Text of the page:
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Edited By Devrim İnce and Yurdagül Bezirgan Arar

Journalism in Turkey has an ambivalent characteristic. On the one hand, the social demand for genuine journalism has increased, and on the other hand, news has turned into a tool within the polluted political polarization atmosphere.
In the age of fake news and post-truth, practices of journalism in Turkey both contain significantly striking examples of how media professionals overcome the barriers and also give some clues about the changing nature of journalism. The book examines the deep crisis mainstream media experience in Turkey. New-born media institutions, alternatives, their start-up strategies, and transformation of journalism field are scrutinized by qualitative and quantitative methods. The book aims to present a current picture of journalism in Turkey by underlining both historical continuities and breaks from the tradition.
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From Citizen Journalism to Alternative Media: The Case of 140journos (Ayçin Gelir-Atabey & Erhan Atabey)


Ayçin Gelir-Atabey & Erhan Atabey

From Citizen Journalism to Alternative Media: The Case of 140journos


Upon the extensive transformation of communication technologies and the global increase in internet access, broadcasting opportunities have spread to a wide base and new opportunities have emerged in terms of rapidly delivering the produced contents to the masses. While these developments have changed the existing media ecosystem from various aspects, particularly in production and distribution practices, they have also directly led to the opening of new production areas. Citizen journalism, which emerged as a new news production practice and was assumed to have democratized the media ecosystem by making citizens a subject in news production, has become one of the main points at issue on journalism within the extensive transformation of the media. It can be said that citizen journalism practices have a unique adventure in the social, political, technological context and media environment of each country. In this respect, it can be stated that theoretical discussions should be enriched with data-based studies.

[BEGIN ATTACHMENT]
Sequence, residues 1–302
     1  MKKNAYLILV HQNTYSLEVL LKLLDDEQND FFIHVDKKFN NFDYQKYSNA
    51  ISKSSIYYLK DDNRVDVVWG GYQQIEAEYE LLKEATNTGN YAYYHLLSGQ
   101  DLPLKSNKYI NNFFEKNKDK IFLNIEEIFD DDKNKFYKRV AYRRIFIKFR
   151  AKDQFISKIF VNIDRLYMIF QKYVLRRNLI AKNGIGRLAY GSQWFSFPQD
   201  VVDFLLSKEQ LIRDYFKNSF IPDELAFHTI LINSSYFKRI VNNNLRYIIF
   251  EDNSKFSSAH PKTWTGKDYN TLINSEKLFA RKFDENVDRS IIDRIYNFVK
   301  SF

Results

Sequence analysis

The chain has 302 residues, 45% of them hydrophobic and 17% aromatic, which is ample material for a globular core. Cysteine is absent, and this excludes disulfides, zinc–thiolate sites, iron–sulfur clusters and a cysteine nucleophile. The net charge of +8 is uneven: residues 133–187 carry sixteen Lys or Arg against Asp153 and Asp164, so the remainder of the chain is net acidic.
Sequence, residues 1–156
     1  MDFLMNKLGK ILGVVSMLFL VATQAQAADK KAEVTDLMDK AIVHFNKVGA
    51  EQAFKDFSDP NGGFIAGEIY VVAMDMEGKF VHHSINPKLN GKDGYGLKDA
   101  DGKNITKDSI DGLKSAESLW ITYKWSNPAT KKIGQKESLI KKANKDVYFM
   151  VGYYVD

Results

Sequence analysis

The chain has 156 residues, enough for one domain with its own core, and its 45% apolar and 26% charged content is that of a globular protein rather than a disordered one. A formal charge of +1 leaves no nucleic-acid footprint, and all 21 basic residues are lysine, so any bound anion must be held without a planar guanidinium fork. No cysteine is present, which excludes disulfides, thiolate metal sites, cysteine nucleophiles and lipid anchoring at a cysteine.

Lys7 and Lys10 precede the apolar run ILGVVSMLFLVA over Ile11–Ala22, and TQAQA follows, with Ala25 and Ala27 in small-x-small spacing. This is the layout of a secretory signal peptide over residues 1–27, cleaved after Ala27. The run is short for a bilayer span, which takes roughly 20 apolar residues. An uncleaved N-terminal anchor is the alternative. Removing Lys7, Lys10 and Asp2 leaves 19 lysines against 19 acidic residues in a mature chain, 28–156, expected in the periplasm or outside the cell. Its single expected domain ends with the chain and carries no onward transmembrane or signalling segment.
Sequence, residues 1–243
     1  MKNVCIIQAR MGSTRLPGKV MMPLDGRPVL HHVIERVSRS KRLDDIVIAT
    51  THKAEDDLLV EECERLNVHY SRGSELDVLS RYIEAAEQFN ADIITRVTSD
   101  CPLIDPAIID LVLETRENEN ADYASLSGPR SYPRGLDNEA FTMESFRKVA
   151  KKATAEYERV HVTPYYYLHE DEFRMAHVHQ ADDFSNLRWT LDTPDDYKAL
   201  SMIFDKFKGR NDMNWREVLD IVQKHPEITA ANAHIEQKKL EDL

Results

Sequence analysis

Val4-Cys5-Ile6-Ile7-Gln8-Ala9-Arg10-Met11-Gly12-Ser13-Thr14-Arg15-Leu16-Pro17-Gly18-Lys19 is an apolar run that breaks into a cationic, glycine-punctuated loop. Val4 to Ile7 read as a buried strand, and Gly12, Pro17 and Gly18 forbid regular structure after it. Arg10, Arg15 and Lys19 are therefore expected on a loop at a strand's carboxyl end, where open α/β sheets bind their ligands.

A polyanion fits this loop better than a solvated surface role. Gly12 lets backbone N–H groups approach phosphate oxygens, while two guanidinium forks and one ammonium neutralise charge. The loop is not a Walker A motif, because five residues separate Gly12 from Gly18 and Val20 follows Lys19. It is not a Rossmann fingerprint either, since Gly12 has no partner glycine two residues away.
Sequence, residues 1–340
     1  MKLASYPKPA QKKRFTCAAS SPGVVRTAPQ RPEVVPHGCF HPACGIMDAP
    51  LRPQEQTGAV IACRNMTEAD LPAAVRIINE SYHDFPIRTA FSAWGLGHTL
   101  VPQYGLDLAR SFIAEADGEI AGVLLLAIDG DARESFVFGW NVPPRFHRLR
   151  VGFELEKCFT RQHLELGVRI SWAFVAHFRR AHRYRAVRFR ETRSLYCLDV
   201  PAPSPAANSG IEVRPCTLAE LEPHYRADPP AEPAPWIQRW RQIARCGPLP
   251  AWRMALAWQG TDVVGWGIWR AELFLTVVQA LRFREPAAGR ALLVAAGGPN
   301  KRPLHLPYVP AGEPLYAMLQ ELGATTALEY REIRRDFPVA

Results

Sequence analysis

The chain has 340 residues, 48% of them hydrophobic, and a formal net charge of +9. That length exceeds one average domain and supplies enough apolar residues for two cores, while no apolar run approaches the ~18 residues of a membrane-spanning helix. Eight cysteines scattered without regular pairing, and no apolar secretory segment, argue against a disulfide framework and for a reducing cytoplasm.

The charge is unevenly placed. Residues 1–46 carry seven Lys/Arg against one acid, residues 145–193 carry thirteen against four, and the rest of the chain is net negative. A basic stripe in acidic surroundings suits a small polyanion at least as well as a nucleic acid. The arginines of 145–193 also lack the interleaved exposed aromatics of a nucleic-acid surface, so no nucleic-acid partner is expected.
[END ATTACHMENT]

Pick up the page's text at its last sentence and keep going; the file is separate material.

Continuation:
In recent years, the trend on citizen journalism, both in the context of periodicals and in the academic literature is to evaluate citizen journalism within the focus of social media such as Facebook and Twitter (Kim & Lowrey, 2015: 298). The main reason why the studies focus on social media is, as can be expected, that citizen journalism activities are now mostly carried out in these media. This development is quite understandable...

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